But when the trees bow down their heads,
The wind is passing by.

Rondel wondered at how we can feel the wind when it presses against us even though we can’t see it coming with our eyes.

Today, we talked about how scary things can be when they are new and unfamiliar and unknown, when really they are good and beautiful things, because we discovered some books on that theme at the library: Tiny’s Big Adventure by Martin Waddell, What Do You Do With a Chance? by Kobi Yamada, and Little Frog and the Scary Autumn Thing by Jane Yolen.

Earlier this week we made a 10×10 number chart and discovered that if we covered up all the odd numbers with flakes (all the numbers that can’t be split into two groups, as the boys say), the even numbers that were left all lined up in neat columns and had 2, 4, 6, 8, or 0 in their ones place. We also spent a lot of time figuring out which numbers would be visible if we covered up the ones that couldn’t be split into three groups, but we didn’t discover a reliable pattern yet for those numbers. (Limerick loved figuring it out for each number though, so I’m sure he’ll find the pattern pretty soon).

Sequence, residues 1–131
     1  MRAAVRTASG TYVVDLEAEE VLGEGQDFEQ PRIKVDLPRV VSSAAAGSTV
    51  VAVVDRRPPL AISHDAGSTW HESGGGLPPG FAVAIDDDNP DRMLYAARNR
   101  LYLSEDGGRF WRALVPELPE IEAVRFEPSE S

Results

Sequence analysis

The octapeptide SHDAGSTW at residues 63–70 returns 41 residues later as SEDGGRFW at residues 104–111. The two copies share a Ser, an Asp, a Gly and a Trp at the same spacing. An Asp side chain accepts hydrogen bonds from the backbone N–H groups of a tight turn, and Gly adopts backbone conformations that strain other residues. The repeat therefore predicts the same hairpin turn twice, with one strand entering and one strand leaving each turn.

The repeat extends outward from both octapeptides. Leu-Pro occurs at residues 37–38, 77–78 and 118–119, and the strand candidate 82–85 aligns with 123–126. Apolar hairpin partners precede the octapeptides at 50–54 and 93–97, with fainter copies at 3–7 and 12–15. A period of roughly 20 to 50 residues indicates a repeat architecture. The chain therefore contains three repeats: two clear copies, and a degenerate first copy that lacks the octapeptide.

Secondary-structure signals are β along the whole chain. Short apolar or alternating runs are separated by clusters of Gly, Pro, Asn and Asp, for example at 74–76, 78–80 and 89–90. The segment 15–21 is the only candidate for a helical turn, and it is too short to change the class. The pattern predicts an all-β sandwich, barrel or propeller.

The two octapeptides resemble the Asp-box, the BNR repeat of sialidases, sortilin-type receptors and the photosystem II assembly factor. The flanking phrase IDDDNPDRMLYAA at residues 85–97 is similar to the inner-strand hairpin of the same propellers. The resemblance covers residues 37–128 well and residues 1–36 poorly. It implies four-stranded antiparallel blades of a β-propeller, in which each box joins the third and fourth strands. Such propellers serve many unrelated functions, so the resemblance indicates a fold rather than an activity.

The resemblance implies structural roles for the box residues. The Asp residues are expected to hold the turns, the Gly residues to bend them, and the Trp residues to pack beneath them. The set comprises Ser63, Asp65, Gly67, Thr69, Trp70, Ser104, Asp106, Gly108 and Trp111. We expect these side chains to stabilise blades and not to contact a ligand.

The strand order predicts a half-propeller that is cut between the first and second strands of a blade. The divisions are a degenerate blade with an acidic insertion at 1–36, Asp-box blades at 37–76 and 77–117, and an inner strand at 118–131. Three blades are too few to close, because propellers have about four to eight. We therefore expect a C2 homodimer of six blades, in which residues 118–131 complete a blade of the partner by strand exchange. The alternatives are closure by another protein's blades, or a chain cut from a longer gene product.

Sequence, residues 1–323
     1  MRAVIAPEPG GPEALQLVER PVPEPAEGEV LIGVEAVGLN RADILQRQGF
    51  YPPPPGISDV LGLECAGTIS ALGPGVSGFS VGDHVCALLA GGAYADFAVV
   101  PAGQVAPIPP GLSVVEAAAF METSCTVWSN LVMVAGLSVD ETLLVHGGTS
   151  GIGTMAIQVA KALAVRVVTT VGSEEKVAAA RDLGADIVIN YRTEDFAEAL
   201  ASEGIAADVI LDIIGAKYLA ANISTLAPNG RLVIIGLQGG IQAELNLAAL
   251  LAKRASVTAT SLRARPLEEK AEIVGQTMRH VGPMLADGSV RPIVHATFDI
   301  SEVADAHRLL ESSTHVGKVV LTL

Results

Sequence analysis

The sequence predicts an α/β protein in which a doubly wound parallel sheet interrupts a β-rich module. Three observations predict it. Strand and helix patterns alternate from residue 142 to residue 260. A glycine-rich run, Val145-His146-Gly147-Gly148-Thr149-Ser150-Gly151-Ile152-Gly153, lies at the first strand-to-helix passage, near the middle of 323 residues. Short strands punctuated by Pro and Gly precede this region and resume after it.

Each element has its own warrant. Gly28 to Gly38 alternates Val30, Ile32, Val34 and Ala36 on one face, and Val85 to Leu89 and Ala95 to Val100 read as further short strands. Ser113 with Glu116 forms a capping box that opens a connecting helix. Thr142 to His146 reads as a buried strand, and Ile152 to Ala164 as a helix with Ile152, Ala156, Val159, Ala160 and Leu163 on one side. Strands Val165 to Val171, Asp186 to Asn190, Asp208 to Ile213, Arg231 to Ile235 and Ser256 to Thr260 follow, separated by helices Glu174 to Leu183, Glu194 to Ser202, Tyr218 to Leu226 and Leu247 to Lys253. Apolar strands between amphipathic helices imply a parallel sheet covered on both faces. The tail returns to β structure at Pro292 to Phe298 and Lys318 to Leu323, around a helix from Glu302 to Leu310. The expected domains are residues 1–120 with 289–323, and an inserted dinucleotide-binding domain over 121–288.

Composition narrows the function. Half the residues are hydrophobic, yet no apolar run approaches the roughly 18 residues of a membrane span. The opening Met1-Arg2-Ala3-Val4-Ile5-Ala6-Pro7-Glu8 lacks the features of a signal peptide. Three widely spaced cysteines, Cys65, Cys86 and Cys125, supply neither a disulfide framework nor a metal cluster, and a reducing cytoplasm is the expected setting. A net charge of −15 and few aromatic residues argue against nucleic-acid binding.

Rondel watched a documentary about the Galapagos islands and learned about an iguana that laid its eggs in nests of volcanic ash and so couldn’t leave the volcano summit of one of the islands, and also learned about the blue-footed booby for the first time and was impressed by how blue its feet really are!

And I learned that the best way to turn around a bad day is to apologize directly for my irritability and impatience, instead of just hoping it will go away and be forgotten.

Those are our recent highlights! What have you all been learning and discovering in your lives lately? What riches of knowledge and adventure have your curiosity and hunger to learn unearthed for you?

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what we’re learning wednesday (episode 2)

Limerick is currently in love with numbers.

He counts everything he can, comparing amounts and sizes: he counted all the straps on the plastic pool chairs at the public pool Saturday afternoon, at least ten times in a row; he makes long chains of flakes and counts them over and over again as he builds to find out how long they are and which color is the longest; he counts the number of bites or slices on his plate and recounts each time he eats one. Essentially, he is spending time with the numbers and quantities, becoming friends with them, getting to know how they interact with each other and discovering their unique qualities.